On Thursday, Cicely Tyson, an award-winning icon of the stage and screen, died at 96.
The cause of death is not revealed.
The late actress chronicled her long career in her first memoir, “Just As I Am,” which was just released last Tuesday.
Tyson embodied African-American women who demanded attention and respect. The actress played former slaves, civil rights icons, sharecroppers, truthtellers, mothers, and other complicated women, bringing a sense of depth, nobility, and grace to every character.
Tyson’s filmography includes some of the most celebrated movies and TV shows featuring Black women in major roles such as “Sounder” (1972), “The Autobiography of Miss Jane Pittman” (1974), “Roots” (1977), “The Marva Collins Story” (1981), “The Women of Brewster Place” (1989), and “The Help” (2011).
Tyson was born December 19, 1924, in New York to William and Theodosia Tyson. Early on, she gravitated toward performing, playing piano, and reciting in her family’s church when she was a child. She later attended New York University.
She was nominated for an Academy Award for her work in the film — her only Oscar nomination. It would be another 45 years before she took home the golden statue when she received an honorary Oscar in 2018, the only Black woman to do so.
In 1974, she starred in “The Autobiography of Miss Jane Pittman,” a television movie based on a novel by Ernest Gaines. Tyson was the title character, a woman born into slavery who lives well into the 20th century and takes part in African Americans’ struggles for civil rights.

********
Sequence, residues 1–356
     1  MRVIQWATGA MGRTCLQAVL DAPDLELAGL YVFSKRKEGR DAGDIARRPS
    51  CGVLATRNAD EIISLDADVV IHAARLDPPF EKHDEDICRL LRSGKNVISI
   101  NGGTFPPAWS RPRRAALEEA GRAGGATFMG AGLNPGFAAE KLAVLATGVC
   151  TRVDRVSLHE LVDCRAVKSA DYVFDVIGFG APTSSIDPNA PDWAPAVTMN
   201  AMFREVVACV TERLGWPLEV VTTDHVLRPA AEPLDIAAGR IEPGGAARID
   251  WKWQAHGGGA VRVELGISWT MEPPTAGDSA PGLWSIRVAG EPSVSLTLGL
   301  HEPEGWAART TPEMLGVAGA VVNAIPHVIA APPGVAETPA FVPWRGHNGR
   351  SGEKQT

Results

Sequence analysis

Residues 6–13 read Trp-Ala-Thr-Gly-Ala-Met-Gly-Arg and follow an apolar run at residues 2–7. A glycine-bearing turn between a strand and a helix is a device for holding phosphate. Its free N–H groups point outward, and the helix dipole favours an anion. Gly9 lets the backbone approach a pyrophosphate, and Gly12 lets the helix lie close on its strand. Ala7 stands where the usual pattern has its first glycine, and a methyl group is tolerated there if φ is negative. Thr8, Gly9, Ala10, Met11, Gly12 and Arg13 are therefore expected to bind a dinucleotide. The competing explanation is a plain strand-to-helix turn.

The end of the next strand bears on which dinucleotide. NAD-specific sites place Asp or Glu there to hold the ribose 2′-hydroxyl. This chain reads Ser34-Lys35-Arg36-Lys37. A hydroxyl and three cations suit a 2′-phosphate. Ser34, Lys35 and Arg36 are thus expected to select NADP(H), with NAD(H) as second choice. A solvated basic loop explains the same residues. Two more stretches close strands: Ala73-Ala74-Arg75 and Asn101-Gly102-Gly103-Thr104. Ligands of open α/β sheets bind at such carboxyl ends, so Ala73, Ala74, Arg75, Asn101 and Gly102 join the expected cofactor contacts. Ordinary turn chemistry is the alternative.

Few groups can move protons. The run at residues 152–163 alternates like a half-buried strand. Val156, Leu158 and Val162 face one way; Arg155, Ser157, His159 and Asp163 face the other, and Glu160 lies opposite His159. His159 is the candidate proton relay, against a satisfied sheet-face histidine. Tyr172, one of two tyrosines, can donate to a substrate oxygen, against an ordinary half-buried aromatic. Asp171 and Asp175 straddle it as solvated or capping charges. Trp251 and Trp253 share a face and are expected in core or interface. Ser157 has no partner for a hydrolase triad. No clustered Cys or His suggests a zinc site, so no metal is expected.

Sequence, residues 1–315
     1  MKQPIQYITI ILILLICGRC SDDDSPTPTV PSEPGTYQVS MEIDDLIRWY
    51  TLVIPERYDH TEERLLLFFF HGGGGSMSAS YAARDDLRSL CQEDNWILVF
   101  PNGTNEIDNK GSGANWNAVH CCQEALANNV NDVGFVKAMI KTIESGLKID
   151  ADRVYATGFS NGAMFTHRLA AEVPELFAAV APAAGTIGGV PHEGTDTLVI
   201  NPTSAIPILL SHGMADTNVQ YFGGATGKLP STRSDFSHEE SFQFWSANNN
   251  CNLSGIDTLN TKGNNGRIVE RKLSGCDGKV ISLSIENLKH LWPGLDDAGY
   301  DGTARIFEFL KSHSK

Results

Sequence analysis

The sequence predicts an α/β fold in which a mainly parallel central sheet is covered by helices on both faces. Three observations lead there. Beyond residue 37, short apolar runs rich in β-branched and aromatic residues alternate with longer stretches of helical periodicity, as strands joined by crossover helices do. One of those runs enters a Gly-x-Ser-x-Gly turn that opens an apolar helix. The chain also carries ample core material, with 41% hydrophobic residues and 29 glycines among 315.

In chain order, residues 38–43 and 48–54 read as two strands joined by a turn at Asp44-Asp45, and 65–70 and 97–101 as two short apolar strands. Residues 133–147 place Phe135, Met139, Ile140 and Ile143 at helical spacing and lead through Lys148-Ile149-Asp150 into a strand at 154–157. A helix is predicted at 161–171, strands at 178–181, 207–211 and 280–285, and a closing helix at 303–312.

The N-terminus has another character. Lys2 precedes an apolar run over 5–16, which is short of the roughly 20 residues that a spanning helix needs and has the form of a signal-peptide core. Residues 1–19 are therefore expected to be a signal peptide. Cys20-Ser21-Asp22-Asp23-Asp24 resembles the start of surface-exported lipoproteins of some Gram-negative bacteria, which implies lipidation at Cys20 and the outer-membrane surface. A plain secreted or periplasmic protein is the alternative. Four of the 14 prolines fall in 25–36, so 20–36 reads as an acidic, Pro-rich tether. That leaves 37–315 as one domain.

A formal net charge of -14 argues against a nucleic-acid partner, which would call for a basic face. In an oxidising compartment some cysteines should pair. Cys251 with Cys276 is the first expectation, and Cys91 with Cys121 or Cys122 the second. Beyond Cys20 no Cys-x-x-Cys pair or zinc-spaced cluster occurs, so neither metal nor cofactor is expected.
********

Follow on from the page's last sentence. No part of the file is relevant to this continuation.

She won two Emmys for the role — best actress in a drama and actress of the year. During her career, she would win a total of three Emmy Awards out of 15 nominations.
As her career progressed, generations of entertainers who had grown up admiring Tyson clamored to work with her and gushed about her work.
Actress Angela Bassett, who worked with Tyson on the movie “The Rosa Parks Story,” proclaimed Tyson as one of her top influences. In a 1997 ceremony, Bassett said that Tyson’s roles ‘were my earliest acting teachers, history teachers, life teachers.’
“Cicely Tyson chose to empower us when we didn’t even know it was possible for us to be empowered. For six decades, she has been diligent in her pursuit to better us all,” Tyler Perry said when Tyson received the Medal of Freedom.
Oprah Winfrey, who has praised Tyson as a standout, groundbreaker, and inspiration, honored the actress at her famous Legends Ball, celebrating the actress and ensuring that she, and her work, would be introduced to a new generation of film enthusiasts.
“Ms. Tyson has always been my muse,” Academy Award-winning actress Viola Davis wrote in Vanity Fair magazine. “She is excellence. She is courage.”
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